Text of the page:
The Un-paving Paradise Project March 2014: Secrets of science: Hydraulic fracturing

Below is a very interesting and balanced explanation of fracking from The Amazing World of Science.

After having studied ‘Environment’ as part of my university degree, I now consider myself an environmentalist. Although when I first began my studies my main concern was eliminating extreme poverty (plus, to my shame, I thought environmentalists were all a bit airy-fairy), I soon recognised the vital role the Environment has to play in the life of every human being. However, unlike some other environmentalists, on balance I think the protests against fracking are a red herring. Those of us who are actively trying to promote more awareness of environmental issues, particularly climate change, would do better to concentrate on a more general message of reduced consumerism, less consumption of fossil fuels in all their guises, and to be challenging the West’s worship of the god of the ‘Economy’, which is so deeply ingrained in our culture (even among Christians) that we don’t even realise how much emphasis is put on the ‘Economy At All Costs’ policies of our governments. Don’t get me wrong, as the daughter of an Economics professor, I can hardly consider myself anti-capitalist. Rather, I would like to promote a balance between capitalism and responsibility –  for ourselves, for one another and for our planet. This is not sentimentalism at play, but a rational response to the existence of poverty in the 21st century, and to the threat of climate change.


If you’re interested, the following are a few examples of the kinds of questions I like to consider before making a purchase (any purchase) in an attempt to reduce my family’s greenhouse gas emissions:


  • Do I really need to buy that? e.g. I love the dress in the window of a local shop, but I really can’t justify the expense, or the unnecessary addition to my wardrobe.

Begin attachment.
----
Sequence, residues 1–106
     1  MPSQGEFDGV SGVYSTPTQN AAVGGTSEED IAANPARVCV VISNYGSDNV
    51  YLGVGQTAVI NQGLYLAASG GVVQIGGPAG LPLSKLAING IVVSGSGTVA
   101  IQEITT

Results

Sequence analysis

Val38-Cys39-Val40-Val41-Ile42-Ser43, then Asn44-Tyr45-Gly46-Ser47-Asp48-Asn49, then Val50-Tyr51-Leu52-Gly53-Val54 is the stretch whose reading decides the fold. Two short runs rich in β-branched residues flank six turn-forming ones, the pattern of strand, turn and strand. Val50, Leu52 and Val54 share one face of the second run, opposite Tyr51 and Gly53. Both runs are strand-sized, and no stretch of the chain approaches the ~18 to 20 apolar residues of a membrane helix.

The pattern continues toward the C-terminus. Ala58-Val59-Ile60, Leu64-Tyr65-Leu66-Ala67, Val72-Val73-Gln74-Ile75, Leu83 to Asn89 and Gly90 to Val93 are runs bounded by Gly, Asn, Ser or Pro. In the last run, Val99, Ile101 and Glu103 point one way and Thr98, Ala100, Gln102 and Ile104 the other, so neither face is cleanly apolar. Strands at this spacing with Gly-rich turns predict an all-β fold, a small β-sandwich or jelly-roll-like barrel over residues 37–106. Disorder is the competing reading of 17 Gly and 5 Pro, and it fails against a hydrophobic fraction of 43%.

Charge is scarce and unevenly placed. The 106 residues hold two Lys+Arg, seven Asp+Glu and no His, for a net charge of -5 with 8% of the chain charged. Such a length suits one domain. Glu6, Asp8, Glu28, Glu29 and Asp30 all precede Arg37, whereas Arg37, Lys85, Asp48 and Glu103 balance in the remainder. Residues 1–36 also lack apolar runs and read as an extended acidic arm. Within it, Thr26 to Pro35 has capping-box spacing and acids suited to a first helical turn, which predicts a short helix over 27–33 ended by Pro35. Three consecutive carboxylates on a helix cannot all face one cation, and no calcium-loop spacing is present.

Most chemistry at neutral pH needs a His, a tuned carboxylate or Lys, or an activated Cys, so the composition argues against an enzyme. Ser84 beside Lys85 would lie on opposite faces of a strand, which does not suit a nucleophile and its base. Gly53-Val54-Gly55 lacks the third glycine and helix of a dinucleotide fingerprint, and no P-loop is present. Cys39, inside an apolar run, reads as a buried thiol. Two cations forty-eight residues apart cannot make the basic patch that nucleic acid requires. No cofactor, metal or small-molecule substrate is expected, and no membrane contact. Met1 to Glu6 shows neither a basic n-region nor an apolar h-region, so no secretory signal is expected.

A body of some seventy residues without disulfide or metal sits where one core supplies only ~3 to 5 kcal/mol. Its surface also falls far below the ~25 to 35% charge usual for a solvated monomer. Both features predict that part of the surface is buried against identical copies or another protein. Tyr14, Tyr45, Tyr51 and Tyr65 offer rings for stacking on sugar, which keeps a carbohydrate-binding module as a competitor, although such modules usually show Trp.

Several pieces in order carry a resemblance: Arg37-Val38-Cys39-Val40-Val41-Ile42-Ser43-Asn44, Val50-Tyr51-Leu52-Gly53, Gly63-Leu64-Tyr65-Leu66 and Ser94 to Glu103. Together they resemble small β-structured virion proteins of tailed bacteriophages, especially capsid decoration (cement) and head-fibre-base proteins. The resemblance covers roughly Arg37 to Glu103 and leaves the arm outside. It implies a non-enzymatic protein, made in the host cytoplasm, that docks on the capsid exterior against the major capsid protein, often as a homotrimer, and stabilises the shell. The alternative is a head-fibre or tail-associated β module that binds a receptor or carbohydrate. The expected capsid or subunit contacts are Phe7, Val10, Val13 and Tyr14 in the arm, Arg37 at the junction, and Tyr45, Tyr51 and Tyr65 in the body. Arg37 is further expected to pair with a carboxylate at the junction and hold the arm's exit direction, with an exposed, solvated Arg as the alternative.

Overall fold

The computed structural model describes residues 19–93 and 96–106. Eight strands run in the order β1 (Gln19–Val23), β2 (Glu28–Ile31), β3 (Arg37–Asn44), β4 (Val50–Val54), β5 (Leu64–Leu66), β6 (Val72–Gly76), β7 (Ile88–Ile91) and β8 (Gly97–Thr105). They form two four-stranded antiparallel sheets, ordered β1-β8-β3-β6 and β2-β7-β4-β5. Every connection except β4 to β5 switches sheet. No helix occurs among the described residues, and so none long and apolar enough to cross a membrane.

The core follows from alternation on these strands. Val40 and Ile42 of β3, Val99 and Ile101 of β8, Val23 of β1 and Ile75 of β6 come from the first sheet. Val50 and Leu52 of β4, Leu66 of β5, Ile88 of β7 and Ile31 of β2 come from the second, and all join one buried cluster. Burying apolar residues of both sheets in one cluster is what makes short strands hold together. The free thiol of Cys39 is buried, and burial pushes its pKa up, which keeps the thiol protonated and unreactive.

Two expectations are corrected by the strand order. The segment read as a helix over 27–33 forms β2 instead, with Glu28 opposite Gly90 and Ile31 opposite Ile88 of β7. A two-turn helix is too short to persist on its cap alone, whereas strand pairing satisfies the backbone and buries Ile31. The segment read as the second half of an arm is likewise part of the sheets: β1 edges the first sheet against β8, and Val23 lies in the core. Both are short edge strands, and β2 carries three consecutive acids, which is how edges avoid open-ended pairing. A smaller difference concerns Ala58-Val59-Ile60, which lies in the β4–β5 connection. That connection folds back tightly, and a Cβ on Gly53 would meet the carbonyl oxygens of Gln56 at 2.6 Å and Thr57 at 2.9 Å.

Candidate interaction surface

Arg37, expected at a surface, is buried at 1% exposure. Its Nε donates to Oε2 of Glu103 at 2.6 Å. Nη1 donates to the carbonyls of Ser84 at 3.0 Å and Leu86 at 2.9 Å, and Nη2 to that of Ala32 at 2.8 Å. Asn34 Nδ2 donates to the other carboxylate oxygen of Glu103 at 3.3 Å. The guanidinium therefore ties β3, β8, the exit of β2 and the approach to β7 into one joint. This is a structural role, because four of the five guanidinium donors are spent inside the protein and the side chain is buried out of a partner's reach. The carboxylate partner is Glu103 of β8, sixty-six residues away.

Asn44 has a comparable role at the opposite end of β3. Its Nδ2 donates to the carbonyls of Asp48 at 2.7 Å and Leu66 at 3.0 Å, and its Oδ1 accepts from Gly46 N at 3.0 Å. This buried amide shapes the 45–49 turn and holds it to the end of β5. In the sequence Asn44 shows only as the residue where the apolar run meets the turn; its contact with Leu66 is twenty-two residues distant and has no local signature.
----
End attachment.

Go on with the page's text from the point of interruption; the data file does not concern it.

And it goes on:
• How will it affect my life and the lives of my family if I don’t buy that? e.g. I will definitely buy a new pair of shoes for my daughter as the sole has detached from her shoe [there’s a sermon in that somewhere], but I would think twice about buying her a new dolly.


  • Can I make do using something I already have? e.g. I needed a ring-binder to put my Maths notes in, as I tend to write Maths by hand, so I reused an old work folder of Frank’s. I needed somewhere to store elastic bands, so I used a tin that a Christmas gift came in.


  • Can I make it myself instead of buying it? e.g. dishcloths – for which I bought crochet cotton made from recycled tee-shirts, I also intend to make a crocheted rag rug from old jeans and I use old clothes as rags for household cleaning which are stored in a DIY ‘rag hanger’ made from my daughter’s old tights with the feet cut off – this is a surprisingly successful way of storing cleaning rags!


  • If I definitely think I need it, can I buy it second-hand and thus not contribute to further use of fossil fuels (by buying new)? e.g. I found a second-hand coffee table for a fiver in a local charity shop and my next project will be a tablecloth made from ‘reclaimed’ fabric to hide the table’s flaws.


  • If I see no option but to buy new, can I reduce the number of miles it has travelled by choosing a local product? e.g. local honey, eggs, vegetables and meat, or even local wool.


  • If I see no option but to buy it new, can I buy in bulk and thus reduce the amount of packaging used (and hence less fossil fuel)? e.g. a 5kg bag of rice instead of the more usual 500g or 1kg – this also works out cheaper in the long run.


  • If I see no option but to buy it new, is it available made from recycled materials? e.g. stackable storage boxes made from plastic recycled in England are used to store all my craft supplies. 


  • If I see no option but to buy new, has it been ethically grown/reared? e.g. our towels, which were a wedding present, are made from undyed organic fair trade cotton. Also, we are lucky enough to have an award-winning pig farm which sells its free-range meat at the local farmers’ market.


  • If I see no option but to buy new, has my purchase come from a fairly traded source e.g. chocolate – my daughters’ primary school is holding an Easter raffle and has asked for donations of Easter eggs, so I went to the supermarket to look for fair trade chocolate Easter eggs. There were none, so I shall buy some fair trade chocolate and make chocolate roses using a mould instead.


I have gone way off topic from the original post about fracking (see below) but it is all interlinked. It is actually great fun seeing how we can change our consumer habits. It is liberating to exchange the manner of thought one once took for granted with a mind which questions. For me, this is also a spiritual questioning, and I find it both challenging and exciting. The ‘slimming down’ of the physical world is accompanied by a ‘slimming down’ of my faith – fewer distractions, more room for prayer.